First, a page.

Ultraviolet vision and mate choice in the guppy (Poecilia reticulata)

Smith, Elizabeth J., Partridge, Julian C., Parsons, Katharine N., White, Elizabeth M., Cuthill, Innes C., Bennett, Andrew T. D. and Church, Stuart C. 2002, Ultraviolet vision and mate choice in the guppy (Poecilia reticulata), Behavioral ecology, vol. 13, no. 1, pp. 11-19.

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Title Ultraviolet vision and mate choice in the guppy (Poecilia reticulata)
Author(s) Smith, Elizabeth J.
Partridge, Julian C.
Parsons, Katharine N.
White, Elizabeth M.
Cuthill, Innes C.
Bennett, Andrew T. D.
Church, Stuart C.
Journal name Behavioral ecology
Volume number 13
Issue number 1
Start page 11
End page 19
Publisher Oxford University Press
Place of publication Oxford, England
Publication date 2002
ISSN 1045-2249
1465-7279
Summary Ultraviolet (UV) vision is well documented for many species of vertebrates. UV cues are known to be used in foraging, navigation and in mate choice. We conducted a series of behavioral experiments to investigate the role of UV perception in mate choice in both female and male guppies (Poecilia reticulata). In our experiments the visual appearance of potential mates was manipulated using either UV transmitting (UV+) or UV blocking (UV-) filters. Female guppies significantly preferred UV+ males. Male guppies tended to prefer UV- females, but their preferences were marginally nonsignificant. Further experiments investigating the role of luminance, indicate that UV wavelengths are probably being used for color discrimination rather than for detecting differences in brightness. These experiments raise the possibility that UV is used in mate assessment in different ways by male and female guppies. This may reflect the different strategies that the two sexes have in order to maximize reproductive success. To our knowledge, these are the first data showing that UV is used by any fish species in mate selection.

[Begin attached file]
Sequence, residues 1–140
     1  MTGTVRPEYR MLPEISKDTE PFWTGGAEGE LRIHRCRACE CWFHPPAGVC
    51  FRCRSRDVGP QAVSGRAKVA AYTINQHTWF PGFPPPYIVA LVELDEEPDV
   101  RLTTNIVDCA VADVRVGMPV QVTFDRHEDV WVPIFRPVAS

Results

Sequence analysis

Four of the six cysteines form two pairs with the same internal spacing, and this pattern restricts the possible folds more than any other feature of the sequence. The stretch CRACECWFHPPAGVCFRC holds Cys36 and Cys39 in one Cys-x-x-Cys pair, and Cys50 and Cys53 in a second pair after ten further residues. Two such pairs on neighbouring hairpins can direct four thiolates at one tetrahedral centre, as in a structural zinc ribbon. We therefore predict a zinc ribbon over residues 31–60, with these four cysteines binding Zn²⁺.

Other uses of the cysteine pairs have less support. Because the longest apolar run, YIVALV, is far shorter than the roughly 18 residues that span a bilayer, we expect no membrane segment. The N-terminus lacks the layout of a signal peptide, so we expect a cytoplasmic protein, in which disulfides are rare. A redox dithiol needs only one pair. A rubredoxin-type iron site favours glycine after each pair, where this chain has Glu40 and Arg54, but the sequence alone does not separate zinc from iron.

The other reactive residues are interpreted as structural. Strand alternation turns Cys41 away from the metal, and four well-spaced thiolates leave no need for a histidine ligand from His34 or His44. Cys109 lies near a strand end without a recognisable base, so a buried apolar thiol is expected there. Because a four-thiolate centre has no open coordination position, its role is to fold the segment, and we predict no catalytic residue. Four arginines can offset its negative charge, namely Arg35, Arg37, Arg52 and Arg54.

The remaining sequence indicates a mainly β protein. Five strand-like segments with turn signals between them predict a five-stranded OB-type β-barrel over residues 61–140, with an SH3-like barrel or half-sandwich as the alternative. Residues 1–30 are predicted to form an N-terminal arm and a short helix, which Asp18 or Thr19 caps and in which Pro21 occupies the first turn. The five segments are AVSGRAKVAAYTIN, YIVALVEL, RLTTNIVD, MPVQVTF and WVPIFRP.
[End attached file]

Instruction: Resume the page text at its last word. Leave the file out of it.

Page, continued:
Language eng
Field of Research 059999 Environmental Sciences not elsewhere classified
HERDC Research category C1.1 Refereed article in a scholarly journal
Copyright notice ©2002, International Society for Behavioral Ecology
Persistent URL http://hdl.handle.net/10536/DRO/DU:30022796

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